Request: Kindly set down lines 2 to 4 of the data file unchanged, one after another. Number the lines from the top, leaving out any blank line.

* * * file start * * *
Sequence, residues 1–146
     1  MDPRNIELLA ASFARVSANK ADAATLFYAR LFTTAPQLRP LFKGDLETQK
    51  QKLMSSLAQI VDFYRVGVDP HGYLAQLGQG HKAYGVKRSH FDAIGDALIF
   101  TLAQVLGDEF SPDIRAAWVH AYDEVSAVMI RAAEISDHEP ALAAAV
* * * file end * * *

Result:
     1  MDPRNIELLA ASFARVSANK ADAATLFYAR LFTTAPQLRP LFKGDLETQK
    51  QKLMSSLAQI VDFYRVGVDP HGYLAQLGQG HKAYGVKRSH FDAIGDALIF
   101  TLAQVLGDEF SPDIRAAWVH AYDEVSAVMI RAAEISDHEP ALAAAV